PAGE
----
Washington State

Office of the Attorney General

Attorney General

Bob Ferguson

AGO 1958 No. 167 -
Attorney General John J. O'Connell


Solemnization of marriage may be performed by one who is either a regularly licensed or ordained minister or priest or who is so authorized to solemnize or attest thereto as the presiding, officiating, or recording officer of a religious organization.

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                                                                February 26, 1958

Honorable Tom A. Durham
Prosecuting Attorney
Whatcom County Court House
311 Grand Avenue
Bellingham, Washington                                                                                        Cite as:  AGO 57-58 No. 167

Dear Sir:

            You have requested the advice of this office on a question which we paraphrase as follows:

            What standards can be followed by a county auditor in the determination of whether a particular minister or other religious officer may solemnize a marriage?

            Our answer is contained in the following analysis.


            In addition to RCW 26.04.050 whereby "any regularly licensed or ordained minister or any priest of any church or religious denomination" is so authorized, solemnization of marriage is governed by the terms of RCW 26.04.120, which reads as follows:

            "All marriages to which there are no legal impediments, solemnized before or in any religious organization or congregation, according to the established ritual or form  [[Orig. Op. Page 2]] commonly practiced therein, are valid; and a certificate, containing the particulars specified in this chapter shall be made and filed for record by the person presiding or officiating in or recording the proceedings of such religious organization or congregation, in the manner and with like effect as in ordinary cases."

            Also, RCW 26.04.060 relating to marriage before unauthorized cleric is pertinent:

            "A marriage solemnized before any person professing to be a minister or a priest of any religious denomination in this state, or professing to be an authorized officer thereof, is not void, nor shall the validity thereof be in any way affected on account of any want of power or authority in such person, if such marriage is consummated with a belief on the part of the persons so married, or either of them that they have been lawfully joined in marriage."

            The three aforementioned statutes are clearly in pari materia and must be construed together.  SeeState v. Houck, 32 Wn. (2d) 681.  When they are so construed it is readily apparent that the legislative intention has been entirely liberal in this regard in keeping with Amendment Four of the state constitution dealing with religious freedom which reads, in part, as follows:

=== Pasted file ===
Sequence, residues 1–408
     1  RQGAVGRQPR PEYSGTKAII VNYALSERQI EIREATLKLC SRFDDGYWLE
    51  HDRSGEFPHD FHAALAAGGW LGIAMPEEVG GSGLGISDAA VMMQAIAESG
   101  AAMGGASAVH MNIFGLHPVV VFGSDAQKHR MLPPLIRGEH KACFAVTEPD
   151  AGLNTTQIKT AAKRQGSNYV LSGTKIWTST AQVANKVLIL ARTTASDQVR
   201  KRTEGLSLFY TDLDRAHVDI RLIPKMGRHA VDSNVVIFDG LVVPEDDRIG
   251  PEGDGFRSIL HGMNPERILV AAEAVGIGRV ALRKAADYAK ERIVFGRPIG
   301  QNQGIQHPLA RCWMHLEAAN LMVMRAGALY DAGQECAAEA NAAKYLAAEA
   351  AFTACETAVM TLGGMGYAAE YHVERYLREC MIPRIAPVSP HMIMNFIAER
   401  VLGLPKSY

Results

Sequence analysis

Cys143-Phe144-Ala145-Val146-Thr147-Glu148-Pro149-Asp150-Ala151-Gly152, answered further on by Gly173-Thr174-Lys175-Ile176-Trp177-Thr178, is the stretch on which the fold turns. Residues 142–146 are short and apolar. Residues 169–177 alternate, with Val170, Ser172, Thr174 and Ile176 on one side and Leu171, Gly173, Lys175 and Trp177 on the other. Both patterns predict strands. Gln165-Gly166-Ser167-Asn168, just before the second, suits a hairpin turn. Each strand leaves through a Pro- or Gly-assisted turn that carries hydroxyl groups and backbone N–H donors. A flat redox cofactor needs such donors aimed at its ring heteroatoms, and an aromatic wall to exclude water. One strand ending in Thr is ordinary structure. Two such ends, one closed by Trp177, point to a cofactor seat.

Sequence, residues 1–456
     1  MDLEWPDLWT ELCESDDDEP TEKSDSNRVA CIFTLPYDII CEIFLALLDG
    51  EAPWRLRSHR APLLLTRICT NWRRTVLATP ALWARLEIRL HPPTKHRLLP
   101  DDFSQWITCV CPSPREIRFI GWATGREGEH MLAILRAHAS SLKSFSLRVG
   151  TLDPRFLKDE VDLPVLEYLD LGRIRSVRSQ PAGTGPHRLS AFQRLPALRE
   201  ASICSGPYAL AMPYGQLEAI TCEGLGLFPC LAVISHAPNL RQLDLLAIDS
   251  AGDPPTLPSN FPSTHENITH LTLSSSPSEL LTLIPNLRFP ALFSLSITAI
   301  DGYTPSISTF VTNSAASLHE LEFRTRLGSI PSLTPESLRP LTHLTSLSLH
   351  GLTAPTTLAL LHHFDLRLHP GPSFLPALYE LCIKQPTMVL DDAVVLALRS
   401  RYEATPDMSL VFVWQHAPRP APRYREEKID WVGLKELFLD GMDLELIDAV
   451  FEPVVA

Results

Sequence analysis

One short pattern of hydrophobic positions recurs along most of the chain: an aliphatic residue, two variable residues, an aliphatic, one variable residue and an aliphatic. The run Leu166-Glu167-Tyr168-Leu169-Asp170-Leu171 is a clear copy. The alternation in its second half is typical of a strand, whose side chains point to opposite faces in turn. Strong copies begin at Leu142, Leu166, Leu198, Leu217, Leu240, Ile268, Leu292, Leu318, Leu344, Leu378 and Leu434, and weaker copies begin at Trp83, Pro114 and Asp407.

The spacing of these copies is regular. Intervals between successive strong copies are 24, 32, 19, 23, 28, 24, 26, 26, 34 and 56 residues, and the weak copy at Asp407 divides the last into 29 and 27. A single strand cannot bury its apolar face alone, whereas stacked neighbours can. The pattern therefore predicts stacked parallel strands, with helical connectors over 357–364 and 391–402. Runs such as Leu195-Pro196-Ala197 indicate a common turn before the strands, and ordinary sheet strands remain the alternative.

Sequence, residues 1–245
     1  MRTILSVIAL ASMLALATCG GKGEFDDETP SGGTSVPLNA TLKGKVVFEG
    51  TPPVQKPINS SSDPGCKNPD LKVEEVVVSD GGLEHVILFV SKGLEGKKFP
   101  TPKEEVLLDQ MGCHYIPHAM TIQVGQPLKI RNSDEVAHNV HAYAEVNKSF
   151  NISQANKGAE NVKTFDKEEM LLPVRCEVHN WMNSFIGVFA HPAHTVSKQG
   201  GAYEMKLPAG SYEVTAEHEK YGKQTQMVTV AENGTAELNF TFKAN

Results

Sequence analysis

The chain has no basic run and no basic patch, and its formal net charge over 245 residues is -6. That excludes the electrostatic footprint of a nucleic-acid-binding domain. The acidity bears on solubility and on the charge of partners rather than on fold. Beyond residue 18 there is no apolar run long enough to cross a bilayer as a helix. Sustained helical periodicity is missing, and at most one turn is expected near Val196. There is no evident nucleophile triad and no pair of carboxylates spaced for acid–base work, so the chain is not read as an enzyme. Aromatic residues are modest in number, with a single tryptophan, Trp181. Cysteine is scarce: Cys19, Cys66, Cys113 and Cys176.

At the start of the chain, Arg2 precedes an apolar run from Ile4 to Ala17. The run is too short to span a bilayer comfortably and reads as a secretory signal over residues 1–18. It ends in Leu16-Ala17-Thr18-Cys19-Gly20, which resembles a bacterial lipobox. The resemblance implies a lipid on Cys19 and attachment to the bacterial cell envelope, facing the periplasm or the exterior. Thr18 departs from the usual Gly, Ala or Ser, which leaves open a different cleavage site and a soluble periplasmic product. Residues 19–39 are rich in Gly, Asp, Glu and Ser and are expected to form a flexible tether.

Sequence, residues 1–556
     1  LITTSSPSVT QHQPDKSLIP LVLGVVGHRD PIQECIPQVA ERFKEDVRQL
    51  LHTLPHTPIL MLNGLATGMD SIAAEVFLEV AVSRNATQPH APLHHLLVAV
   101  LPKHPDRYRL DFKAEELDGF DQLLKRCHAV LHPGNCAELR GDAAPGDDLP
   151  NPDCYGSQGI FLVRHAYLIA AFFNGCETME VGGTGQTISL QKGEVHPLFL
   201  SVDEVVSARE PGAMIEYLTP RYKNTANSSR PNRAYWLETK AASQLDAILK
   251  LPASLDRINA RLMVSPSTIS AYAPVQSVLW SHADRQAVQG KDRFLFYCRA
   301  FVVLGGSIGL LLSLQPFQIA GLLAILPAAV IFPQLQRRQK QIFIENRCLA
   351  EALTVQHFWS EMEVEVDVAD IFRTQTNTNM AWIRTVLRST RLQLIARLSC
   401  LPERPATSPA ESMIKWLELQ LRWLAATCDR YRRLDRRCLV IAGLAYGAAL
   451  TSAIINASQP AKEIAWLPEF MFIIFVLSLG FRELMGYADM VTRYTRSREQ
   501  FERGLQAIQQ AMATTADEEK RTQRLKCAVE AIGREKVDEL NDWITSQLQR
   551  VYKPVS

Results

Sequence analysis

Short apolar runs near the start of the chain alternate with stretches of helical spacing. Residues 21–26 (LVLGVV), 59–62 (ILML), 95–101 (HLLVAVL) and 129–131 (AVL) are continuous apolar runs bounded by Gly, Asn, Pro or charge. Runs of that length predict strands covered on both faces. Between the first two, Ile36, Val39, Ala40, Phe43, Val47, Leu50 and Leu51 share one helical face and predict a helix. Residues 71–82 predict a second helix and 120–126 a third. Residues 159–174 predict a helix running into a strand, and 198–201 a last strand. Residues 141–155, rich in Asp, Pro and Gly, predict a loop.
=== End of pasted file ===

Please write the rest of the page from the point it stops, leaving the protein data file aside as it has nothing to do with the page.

"Absolute freedom of conscience in all matters of religious sentiment, belief and worship, shall be guaranteed to every individual . . ."

            It should also be noted that Washington is not included in the large number of states requiring religious officers to obtain some form of official sanction to solemnize marriages.  1 Vernier, American Family Laws 82.

            Thus, we conclude that the following standards may be followed in determining whether a particular minister or other religious officer is enabled to solemnize a marriage:

            (1) Is he, in the words of RCW 26.04.050, a ". . . regularly licensed or ordained minister or any priest of any church or religious denomination . . .?"

             [[Orig. Op. Page 3]]

            According to common practice, we understand one to be "licensed" who though not ordained as a minister has been invested with a similar but limited authority, generally on a temporary basis, by his particular church or religious denomination.

            (2) If he cannot be so described, is he the individual within a particular religious organization who by its established ritual or form is authorized to solemnize a marriage or attest to its solemnization as the presiding, officiating, or recording officer thereof?

            In the application of these standards, we believe that a rather broad and liberal interpretation should be accorded the term "religious organization."  The lack of conformity with established religious belief and institutions would appear to be of no significance here.  State ex rel. Bolling v. Superior Court for Clallam County, 16 Wn. (2d) 373.

            Finally, it should be remembered that discretion may only be exercised by the auditor in counties where the application for a marriage license itself requires the solemnizing official to be named.  In the absence thereof, by the terms of RCW 26.04.190, there could be no justification for refusing to issue the license.  In general, under this chapter, the auditor's issuance of marriage licenses is a ministerial act concerning which he has little discretionary power.

            We trust the foregoing will be of some assistance to you.

Very truly yours,

Attorney General

Assistant Attorney General